Well, of course "workfare." How could we ever have deceived ourselves into believing there was some other rational way of delivering relief checks to able-bodied adults than by letting them work for it.
New York is but the latest state to adopt this "obvious" notion, now sweeping the country. Giving people what they need, without requiring any exertion on their part, is absurd policy. It seems so clear to so many of us now that we imagine we've always known it.
Well, we haven't always known it, and it is far from settled that it always has been true, no matter how irresistibly logical it now seems. I offer you an insight given me by Evan Kemp of the Disability Rights Center when I asked him to explain to me why the word "disabled" had supplanted the equally serviceable "handicapped" in describing people with physical impairments -- and why "handicapped" had replaced "crippled," and so on.
Forget logic, Kemp told me. Acceptable designations for a particular out-of-favor group keep changing every so often until that group becomes a respected part of society. "As long as a group is ostracized or otherwise demeaned, whatever name is used will take on a demeaning flavor and have to be replaced."
It is my guess that the same thing applies to social programs. We change our ways of dealing with people in need for the same reason we change what we call people who are confined to wheelchairs. Approaches, like terminology, run their course and are abandoned, not because the approaches were wrong, or because the problem has changed, but because too long an association with a problem gives the solution a bad name.
Charity used to be a private affair. The needy would seek aid from a well-to-do patron and, in effect, propose a contract. The needy would get cash or other help. The provider of that help would get a heady combination of deference, free labor and a sense of his own saintliness. It worked for a time.
But then it must have occurred to us that reducing the poor to hat-in-hand mendicancy was not a good thing. Better to institutionalize charity, both in order to reach all those in need (not everyone could find a decent patron) and also to remove the pride-destroying elements of the private arrangements.
And so we got public welfare, and that worked too -- for a while. Welfare soon developed its own "shaming" system, providing an incentive for those who could exist without the dole to do so but also humiliating (and crippling) those who couldn't. Then came "welfare rights," a worthwhile effort to remove the shame from dependency, followed by the slow recognition that the absence of shame had its own costs, including a disincentive to seek gainful employment.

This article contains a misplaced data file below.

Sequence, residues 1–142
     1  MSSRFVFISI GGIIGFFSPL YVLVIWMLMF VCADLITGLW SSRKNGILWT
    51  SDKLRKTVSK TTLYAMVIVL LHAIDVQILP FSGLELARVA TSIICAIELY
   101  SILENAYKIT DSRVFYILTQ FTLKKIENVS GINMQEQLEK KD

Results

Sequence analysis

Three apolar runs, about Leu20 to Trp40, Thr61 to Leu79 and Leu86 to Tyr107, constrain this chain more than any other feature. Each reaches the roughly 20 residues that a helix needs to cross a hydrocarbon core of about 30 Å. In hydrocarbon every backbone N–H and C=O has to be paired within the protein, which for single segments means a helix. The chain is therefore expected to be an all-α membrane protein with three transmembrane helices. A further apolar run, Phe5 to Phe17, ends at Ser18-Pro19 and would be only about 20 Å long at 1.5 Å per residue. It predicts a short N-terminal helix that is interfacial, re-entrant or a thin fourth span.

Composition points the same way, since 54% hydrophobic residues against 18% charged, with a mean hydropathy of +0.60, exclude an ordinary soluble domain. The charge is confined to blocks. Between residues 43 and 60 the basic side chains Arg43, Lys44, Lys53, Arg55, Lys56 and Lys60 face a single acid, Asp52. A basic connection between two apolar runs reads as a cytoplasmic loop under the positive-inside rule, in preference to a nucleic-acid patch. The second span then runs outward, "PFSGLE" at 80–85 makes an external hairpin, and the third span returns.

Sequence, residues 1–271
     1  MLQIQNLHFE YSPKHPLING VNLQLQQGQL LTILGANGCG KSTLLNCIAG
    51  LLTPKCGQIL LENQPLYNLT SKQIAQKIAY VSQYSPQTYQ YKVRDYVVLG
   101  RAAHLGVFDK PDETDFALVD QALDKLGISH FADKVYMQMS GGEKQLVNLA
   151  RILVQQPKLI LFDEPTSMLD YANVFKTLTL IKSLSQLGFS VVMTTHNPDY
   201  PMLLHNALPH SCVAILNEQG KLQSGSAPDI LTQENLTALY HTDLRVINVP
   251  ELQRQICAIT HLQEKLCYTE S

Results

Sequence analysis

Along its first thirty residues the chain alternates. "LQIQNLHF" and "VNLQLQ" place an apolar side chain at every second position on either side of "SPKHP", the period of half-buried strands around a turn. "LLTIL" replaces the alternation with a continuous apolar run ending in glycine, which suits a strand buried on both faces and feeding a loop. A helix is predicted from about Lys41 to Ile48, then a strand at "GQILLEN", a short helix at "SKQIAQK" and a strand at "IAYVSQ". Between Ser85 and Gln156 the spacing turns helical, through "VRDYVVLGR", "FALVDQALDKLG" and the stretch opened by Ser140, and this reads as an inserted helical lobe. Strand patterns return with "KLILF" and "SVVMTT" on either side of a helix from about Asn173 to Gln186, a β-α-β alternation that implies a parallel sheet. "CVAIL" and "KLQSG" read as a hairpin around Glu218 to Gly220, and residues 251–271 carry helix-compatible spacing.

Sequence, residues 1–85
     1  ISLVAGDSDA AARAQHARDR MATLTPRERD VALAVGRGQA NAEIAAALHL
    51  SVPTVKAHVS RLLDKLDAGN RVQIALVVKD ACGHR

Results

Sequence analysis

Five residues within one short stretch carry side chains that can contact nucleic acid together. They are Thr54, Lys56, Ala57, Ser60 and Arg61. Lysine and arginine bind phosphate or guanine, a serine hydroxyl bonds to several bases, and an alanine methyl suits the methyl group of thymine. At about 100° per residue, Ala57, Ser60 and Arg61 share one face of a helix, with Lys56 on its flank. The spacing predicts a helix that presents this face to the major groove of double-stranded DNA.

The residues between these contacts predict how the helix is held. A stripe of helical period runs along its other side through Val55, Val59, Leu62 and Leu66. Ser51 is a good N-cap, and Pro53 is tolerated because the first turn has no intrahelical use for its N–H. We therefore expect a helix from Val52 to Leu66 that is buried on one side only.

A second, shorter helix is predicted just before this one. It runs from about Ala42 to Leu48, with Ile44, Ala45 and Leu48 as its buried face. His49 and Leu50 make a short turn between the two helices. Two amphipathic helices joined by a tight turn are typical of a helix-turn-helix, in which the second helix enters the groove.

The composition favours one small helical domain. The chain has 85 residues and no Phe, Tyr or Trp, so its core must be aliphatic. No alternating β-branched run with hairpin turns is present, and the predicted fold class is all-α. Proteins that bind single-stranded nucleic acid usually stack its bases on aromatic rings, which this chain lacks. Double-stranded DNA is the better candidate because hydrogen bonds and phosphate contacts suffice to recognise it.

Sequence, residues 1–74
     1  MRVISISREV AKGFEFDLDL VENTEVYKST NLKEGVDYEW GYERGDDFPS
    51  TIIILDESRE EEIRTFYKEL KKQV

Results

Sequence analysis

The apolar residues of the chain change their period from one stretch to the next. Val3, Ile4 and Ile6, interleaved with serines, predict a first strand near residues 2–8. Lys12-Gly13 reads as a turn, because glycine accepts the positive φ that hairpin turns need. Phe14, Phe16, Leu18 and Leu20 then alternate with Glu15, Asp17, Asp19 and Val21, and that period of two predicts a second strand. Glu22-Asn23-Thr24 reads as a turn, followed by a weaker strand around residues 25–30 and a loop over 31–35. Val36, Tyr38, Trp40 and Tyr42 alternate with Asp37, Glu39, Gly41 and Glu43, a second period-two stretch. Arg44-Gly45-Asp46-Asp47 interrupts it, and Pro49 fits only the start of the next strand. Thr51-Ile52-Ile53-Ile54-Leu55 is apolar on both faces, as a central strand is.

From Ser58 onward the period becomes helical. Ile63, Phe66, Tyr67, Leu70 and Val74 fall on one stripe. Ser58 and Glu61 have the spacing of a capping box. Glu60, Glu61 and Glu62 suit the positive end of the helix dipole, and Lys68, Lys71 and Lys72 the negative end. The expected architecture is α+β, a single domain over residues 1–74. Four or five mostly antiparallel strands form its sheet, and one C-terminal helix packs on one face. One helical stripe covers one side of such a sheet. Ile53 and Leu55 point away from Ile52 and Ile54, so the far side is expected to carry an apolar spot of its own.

That's about where we are now. We have rediscovered truths so obvious that we wonder how we ever lost touch with them: that work is the only noncorrosive means of gaining income (at least for the poor); that you cannot remove the sting of charity without also removing the incentive to independence; that you cannot produce industry by rewarding sloth.
These things, plus a newly keen sense of the social danger involved in breaking the connection between working and eating, have led us to see "workfare" as the only reasonable way to go -- even though it will cost more, not less, in tax dollars, as a result of daycare and other services.
I think the new conclusion is correct, but I also suspect that it is temporary. We may well wake up some years hence to discover the high costs (and the high failure rate) associated with trying to "transform" the poor. It might occur to us that the only reasonable thing to do is to establish eligibility and mail checks.
You can almost write the column or newspaper editorial right now: "Do we link Social Security checks to the behavior of the recipients? Then why don't we handle welfare that same simple, efficient and logical way?"
Evan Kemp wouldn't be the least bit surprised.